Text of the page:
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Public Health Warning: Marine Biotoxin in Shellfish



Friday, 16 November 2012

Public Health Warning: Marine Biotoxin in Shellfish

The Auckland Regional Public Health Service today issued a public health warning advising the public not to consume shellfish collected from Mohakatino (located in Taranaki) north to and including the Manukau Harbor, up to Kaipara Heads (not including Kaipara Harbour).

Routine shellfish toxin testing from the Manukau Harbour has shown high levels of Paralytic Shellfish Poisoning (PSP) at 1.74 milligrams of toxin per kilogram of shellfish flesh, which is above the Ministry of Primary Industry safe limit of 0.8 milligrams per kilogram of shellfish flesh. Anyone eating these toxic shellfish is potentially at risk of illness.

“Ongoing monitoring has shown high levels of paralytic shellfish poison present in shellfish along this coastline. People should take note of the areas that contain high levels of Paralytic Shellfish Poison and avoid collecting shellfish in these areas,” says Medical Officer of Health, Dr Simon Baker.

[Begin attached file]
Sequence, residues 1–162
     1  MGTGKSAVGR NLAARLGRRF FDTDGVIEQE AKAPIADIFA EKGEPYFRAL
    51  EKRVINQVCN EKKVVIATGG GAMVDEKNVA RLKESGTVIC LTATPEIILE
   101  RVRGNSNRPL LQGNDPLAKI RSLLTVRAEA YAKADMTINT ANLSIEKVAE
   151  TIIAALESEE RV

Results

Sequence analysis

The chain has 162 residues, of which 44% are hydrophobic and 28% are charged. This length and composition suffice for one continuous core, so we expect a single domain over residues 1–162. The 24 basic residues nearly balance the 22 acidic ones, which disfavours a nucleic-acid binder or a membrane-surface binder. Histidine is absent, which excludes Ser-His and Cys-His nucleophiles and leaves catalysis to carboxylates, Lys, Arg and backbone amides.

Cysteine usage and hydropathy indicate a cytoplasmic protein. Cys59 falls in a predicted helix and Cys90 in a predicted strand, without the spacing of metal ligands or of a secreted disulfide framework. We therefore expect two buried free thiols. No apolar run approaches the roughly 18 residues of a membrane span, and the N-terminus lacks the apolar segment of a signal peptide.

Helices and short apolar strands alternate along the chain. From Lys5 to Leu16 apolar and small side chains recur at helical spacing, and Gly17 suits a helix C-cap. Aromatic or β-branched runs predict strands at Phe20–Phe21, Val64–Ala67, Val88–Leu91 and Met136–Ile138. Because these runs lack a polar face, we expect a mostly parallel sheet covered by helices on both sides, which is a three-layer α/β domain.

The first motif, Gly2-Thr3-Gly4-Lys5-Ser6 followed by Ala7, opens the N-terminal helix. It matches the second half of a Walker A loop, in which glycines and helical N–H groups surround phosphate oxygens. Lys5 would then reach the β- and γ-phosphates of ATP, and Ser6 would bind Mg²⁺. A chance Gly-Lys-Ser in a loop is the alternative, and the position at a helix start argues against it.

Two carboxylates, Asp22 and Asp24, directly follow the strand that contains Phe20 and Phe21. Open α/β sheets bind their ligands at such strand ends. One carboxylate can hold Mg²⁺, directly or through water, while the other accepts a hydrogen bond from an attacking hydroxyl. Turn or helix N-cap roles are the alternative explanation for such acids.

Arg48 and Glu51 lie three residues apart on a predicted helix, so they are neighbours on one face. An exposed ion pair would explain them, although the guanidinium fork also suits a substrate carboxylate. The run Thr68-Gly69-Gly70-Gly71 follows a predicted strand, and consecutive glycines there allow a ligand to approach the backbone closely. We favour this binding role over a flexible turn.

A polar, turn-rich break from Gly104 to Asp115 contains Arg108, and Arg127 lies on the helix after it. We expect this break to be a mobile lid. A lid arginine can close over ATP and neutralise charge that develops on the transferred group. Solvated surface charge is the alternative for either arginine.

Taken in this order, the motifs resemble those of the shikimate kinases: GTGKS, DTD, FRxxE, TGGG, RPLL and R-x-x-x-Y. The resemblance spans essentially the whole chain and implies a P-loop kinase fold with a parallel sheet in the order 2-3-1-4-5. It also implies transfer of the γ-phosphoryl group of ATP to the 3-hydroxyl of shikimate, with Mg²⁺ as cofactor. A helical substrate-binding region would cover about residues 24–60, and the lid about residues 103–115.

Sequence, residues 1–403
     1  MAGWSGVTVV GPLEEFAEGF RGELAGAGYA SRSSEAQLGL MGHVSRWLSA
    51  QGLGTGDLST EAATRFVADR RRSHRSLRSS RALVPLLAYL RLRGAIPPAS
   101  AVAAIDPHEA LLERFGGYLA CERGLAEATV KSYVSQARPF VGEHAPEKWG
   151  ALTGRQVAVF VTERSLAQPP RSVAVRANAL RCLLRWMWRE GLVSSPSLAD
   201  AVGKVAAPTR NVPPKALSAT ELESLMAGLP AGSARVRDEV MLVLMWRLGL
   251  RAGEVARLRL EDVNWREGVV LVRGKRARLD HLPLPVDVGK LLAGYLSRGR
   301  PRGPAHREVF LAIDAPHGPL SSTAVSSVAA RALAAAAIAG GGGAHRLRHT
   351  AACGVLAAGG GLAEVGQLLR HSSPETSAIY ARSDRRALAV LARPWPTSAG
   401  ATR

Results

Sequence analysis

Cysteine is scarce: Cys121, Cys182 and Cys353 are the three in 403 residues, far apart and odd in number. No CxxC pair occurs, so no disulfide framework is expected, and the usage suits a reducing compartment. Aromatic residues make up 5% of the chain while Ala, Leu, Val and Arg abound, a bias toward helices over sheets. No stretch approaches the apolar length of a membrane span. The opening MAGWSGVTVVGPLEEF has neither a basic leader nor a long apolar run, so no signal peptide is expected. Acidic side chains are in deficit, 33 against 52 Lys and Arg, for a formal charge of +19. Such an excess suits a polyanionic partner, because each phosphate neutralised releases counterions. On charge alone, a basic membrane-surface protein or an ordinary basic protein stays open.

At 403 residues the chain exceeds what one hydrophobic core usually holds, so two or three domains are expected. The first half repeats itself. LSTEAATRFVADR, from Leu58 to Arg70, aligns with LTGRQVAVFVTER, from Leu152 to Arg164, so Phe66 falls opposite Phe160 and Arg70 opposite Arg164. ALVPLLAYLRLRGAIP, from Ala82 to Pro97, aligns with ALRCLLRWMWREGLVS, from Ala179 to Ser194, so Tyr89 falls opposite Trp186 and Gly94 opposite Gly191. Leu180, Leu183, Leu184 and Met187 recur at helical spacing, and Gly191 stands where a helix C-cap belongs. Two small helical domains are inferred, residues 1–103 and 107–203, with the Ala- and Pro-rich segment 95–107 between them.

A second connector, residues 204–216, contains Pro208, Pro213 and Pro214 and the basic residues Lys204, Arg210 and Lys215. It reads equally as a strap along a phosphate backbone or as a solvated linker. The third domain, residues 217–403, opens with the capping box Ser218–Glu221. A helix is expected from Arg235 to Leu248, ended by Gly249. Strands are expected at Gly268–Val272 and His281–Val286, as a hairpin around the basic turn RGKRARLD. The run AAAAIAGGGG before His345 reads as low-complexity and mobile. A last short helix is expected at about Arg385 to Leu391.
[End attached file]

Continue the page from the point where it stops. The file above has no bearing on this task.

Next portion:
Shellfish including; Kina, mussels, toheoa, pipis, tuatua, oysters, cockles and scallops in the affected areas should not be eaten. Cooking shellfish does not remove the toxin.

Symptoms of PSP usually occur within 12 hours after eating shellfish containing the toxins:

• Numbness and tingling around the mouth, face or extremities.

• Difficulties in swallowing or breathing.

• Dizziness, double vision.

• In severe cases, paralysis and respiratory failure.

If anybody experiences these symptoms after eating shellfish, the first action is to call 111 to get medical help.

Auckland Regional Public Health Service will continue to monitor the situation.


Further information is available by visiting the following websites:
1. Food Smart website:
2. Auckland Regional Public Health Service website:

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